It's Easy Being Green

We've heard it repeated many times: Social media advertising requires that brands become more human. Green marketing is one way to achieve the requisite degree of humanity required within social network marketing.

The positive outcomes can be greater "permission reach", increased creative opportunities, and brand acceptance. However, we have to be cautious (as my 1-year-old son reminds me when wielding a screwdriver) because green marketing -- like any tool -- needs to be employed properly.

Within our upside-driven media metrics lexicon, we often forget to calculate an important factor: pollution. Three common metrics in brand media are brand awareness (offline and online), positive brand association, and purchase intent. A marketer's job is to increase these metrics, with the eventual goal of creating brand loyalty and purchase habit. Of all these upside terms, the negative effect of a media or marketing play often gets little attention.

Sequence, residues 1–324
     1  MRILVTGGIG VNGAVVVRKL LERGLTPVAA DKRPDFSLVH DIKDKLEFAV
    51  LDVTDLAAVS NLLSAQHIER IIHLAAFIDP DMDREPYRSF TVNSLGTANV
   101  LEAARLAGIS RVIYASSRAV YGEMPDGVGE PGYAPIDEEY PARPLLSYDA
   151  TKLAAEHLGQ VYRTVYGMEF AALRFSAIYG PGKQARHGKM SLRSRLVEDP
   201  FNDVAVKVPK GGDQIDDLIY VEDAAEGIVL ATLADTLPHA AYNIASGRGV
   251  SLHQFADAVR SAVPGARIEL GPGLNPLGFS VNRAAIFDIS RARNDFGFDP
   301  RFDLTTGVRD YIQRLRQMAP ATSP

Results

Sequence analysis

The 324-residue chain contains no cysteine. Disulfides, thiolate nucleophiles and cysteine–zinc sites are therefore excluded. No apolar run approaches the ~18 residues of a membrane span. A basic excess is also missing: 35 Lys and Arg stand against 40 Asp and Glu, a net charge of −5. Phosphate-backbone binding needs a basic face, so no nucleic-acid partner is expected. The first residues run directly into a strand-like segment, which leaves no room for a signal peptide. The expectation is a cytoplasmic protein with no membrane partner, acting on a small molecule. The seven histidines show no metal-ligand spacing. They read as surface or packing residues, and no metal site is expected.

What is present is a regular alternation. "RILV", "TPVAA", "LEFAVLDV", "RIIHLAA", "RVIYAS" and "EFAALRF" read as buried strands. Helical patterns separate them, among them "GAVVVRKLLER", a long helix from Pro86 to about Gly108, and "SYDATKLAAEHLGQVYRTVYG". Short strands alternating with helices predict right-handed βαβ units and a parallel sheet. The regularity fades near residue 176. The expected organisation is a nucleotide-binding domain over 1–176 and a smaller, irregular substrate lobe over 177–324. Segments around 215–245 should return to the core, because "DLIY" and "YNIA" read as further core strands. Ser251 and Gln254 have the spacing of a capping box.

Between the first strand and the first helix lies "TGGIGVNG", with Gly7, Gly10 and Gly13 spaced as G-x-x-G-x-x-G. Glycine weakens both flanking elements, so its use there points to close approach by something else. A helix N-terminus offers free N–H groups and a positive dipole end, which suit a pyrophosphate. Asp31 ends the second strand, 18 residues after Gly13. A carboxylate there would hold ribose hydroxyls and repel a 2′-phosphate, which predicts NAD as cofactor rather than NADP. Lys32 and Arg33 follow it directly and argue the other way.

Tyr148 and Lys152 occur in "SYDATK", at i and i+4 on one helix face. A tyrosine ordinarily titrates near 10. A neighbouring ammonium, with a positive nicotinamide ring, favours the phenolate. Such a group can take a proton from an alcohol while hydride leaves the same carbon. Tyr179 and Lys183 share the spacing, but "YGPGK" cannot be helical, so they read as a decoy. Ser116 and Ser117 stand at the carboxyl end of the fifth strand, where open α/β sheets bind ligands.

How many people feel worse about your product because of your campaign? How much unnecessary noise was created in order to gain maximal reach? If used properly, green marketing can reduce the likelihood of negative brand-association, particularly within interruptive advertising, by softening your message. Green marketing has the power to make a company seem more like a girl guide than a vacuum cleaner salesman, when knocking at viewers' colloquial doors.

Another useful aspect of green marketing is that it increases your campaigns' creative options. Instead of "buy our butter," an e-marketer can also drive views by raising awareness of the effect of topsoil erosion on global food security, if some commitment has been made to related initiatives. More creative tools become available, and increased permissions are granted within communities that care about these issues.

But, how can we insure that our campaigns are leveraging the defensive, brand-building power, viral effects, creative options and positive brand association of a good green marketing campaign, particularly within the finicky world of social media? We don't want to suffer from the same fatigue as improperly positioned incentive campaigns.

In order to gain acceptance in social media, companies must behave like real human beings. This means displaying understanding, concern, commitment and humor, while leveraging massive budgets to reach out to, rather than fly by, humanity.